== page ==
The Queen Elizabeth Hospital in King’s Lynn has seen the most rapid increase in numbers of nurses from other parts of the EU in recent years. In 2009 only 1.3% of nurses at the hospital were from the EEA. The figure has now risen to 18%, one of the highest in the country. The national figure is a quarter of that.

The report authors say:

The most sensible solution now, particularly post Brexit, would be for the government to act now to ensure that we have a ‘homegrown’ domestic supply of nurses. This will require adequate and sustained investment in workforce planning to address the potentially gaping hole in our future nursing workforce. For too long now, there has been a lack of long-term, strategic workforce planning that offers oversight, coordination and alignment of the different dimensions of the nursing workforce (financial, education, employment and international recruitment).

The price of Brexit starts to emerge: Ford estimates cost at $1bn in two years

The Financial Times (paywall) says: “Ford is considering closing plants in the UK and across Europe in response to Britain’s vote to leave the EU, as it forecast a $1 hit to its business over the next two years.”

The price of cars in the UK will also rise before the end of this year, according to Ford.

One of the problems is the fall in the value of the pound which will increase the price of imported cars. Ford now has two factories in the UK, at Dagenham and Bridgend which makes engines which are exported to European assembly plants. Complete cars, including the British made engines, are then imported into the UK.

Manufacturers like Ford have very complex supply chains which move components around European single market freely without restrictions. The possibility that the UK would be outside this market is naturally spooking businesses like car makers whose manufacturing strategies are based on the free movement of goods.

Other car makers are likely follow Ford when it raises prices. General Motors which owns Vauxhall has said the fallout from the referendum vote would cost it $400m this year.

The FT says:

Questions have been raised over the prospects for the UK’s car industry in the wake of the Brexit ballot, with analysts questioning whether the plants can win fresh work during a period of uncertainty over trade and the country’s position in the single European market.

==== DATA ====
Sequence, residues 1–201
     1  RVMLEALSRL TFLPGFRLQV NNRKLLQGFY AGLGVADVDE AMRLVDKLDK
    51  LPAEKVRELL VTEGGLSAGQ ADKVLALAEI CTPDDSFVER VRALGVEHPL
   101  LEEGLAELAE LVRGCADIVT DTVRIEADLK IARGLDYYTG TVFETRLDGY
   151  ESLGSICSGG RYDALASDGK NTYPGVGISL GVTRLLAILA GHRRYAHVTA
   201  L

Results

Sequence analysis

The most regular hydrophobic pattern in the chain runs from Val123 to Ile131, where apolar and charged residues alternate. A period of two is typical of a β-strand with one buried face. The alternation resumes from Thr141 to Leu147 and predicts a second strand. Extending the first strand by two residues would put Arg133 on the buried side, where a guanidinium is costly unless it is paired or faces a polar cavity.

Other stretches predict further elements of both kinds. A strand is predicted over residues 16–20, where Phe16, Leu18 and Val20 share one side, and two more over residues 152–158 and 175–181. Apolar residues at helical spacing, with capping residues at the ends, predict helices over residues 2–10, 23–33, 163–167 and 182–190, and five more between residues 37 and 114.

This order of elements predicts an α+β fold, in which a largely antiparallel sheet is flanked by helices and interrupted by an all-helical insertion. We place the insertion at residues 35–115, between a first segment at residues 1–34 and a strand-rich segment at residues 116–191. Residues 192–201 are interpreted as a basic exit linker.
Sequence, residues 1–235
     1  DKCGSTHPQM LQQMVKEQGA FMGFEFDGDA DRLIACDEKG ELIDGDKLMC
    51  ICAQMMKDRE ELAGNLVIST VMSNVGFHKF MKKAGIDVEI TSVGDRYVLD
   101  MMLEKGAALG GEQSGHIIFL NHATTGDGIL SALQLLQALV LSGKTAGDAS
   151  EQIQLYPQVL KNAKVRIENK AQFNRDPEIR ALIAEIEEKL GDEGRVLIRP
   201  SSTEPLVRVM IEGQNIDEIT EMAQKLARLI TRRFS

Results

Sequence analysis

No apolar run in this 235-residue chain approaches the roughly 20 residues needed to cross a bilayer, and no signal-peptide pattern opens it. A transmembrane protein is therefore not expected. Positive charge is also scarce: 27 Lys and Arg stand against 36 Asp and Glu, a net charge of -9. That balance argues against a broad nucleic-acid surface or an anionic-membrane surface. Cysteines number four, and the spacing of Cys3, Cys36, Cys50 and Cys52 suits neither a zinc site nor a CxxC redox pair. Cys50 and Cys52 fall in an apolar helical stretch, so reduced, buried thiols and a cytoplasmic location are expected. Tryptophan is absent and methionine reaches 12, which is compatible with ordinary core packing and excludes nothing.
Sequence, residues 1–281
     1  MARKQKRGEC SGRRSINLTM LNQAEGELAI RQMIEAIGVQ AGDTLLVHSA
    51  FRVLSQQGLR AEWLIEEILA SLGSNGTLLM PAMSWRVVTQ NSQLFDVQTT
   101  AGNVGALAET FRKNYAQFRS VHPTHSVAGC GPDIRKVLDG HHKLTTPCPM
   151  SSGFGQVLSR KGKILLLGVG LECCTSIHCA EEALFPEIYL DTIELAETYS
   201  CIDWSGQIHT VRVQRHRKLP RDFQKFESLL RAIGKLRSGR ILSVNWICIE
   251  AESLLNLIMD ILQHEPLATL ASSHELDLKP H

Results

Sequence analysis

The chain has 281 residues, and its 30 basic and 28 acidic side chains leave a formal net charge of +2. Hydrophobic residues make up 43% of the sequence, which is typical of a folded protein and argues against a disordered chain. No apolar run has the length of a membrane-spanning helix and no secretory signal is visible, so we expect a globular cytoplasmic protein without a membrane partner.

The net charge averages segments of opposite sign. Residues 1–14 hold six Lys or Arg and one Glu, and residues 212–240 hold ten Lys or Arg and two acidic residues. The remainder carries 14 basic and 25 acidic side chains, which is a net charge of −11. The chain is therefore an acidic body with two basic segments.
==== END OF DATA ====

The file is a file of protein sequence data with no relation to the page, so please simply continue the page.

For the sake of the country, Jeremy Corbyn should withdraw from leadership race

The overriding political concern at present is to ensure that there is a functioning opposition in the House of Commons. It is clear that, given the hostility of the parliamentary Labour Party, Jeremy Corbyn cannot provide the leadership needed.

At the same time it is far from clear that an Owen Smith leadership would be as effective as it should be with rebellious  party membership snapping at his heels.

The majority of members of the PLP accuse Corbyn of a failure of leadership but is that the result of so many refusing to be led? The real facts are hard to find.

Today on Twitter there is a lot of noise: a strange coalition of journalists and Corbynistas coming together to rubbish the PLP’s Unity candidate. And very little sign of those who nominated him providing support.

If Corbyn really aspires to lead he should have asked his party to abstain on the vote on Trident arguing that more debate was needed. The range of possibilities from direct replacement, an alternative ever-ready system, or possession without deployment to nuclear disarmament could be considered. In those circumstances Labour MPs voting for Trident would have been the disloyal ones.

The moment when I decided Corbyn could not deliver the opposition needed was when he moved quickly after the referendum vote to accept it and urge early triggering of Article 50. This immediately left opposition in the hands of the SNP, SDLP, Lib Dems and the solitary Green with Labour only able to oppose at the edges of the debate.

What made Corbyn decide on this course is a mystery. The only account of events I can find is from a speech to constituents by Nottingham South MP Lilian Greenwood:

… I sat at the Regional Count with Glenis Willmott the Leader of the European Parliamentary Labour Party, my friend, a fellow trade unionist from the East Midlands doing media duty for our Party.

And as we left at 5am, defeated and in despair, we finally got sent lines to take from the Leader’s office. Acknowledging Kate Hoey and Gisela Stuart for their work in the Leave campaign. Their work in direct opposition to Labour Party policy.

And shortly after we heard Jeremy calling for the immediate triggering of Article 50. Without any discussion with the Shadow Cabinet or the Leader of the European Parliamentary Labour Party.

Think about that. The country had just voted to leave the EU after more than 40 years and Jeremy made a major announcement on the Party’s position without waiting to discuss it with the Shadow Cabinet, without even consulting the leader of our MEPs in Europe.

It was the call for early triggering of Article 50 that decided me that Corby should not remain the Labour leader.

Overall, Corbyn’s policies were unexceptional. Indeed, Theresa May’s speech on the steps of Number 10 echoes much of his thinking. Few would oppose them. During the referendum campaign his defence of free movement of people was brave.

So who should lead the party. The choice now is between a man who lacks (or is prevented from using) leadership skills, or another man who would lack the support of a large part of the party.

The best solution would if Jeremy Corbyn stood down from the election because, even if he wins the election, he cannot command the loyalty needed to lead the parliamentary opposition the country needs so badly.

The result would still be unsatisfactory, a split would remain on the cards, there would be a lot of anger but there may be a functioning opposition. The referendum felt too much like an argument within the Tory party:  we cannot afford to let the same thing happen to the Brexit negotiations.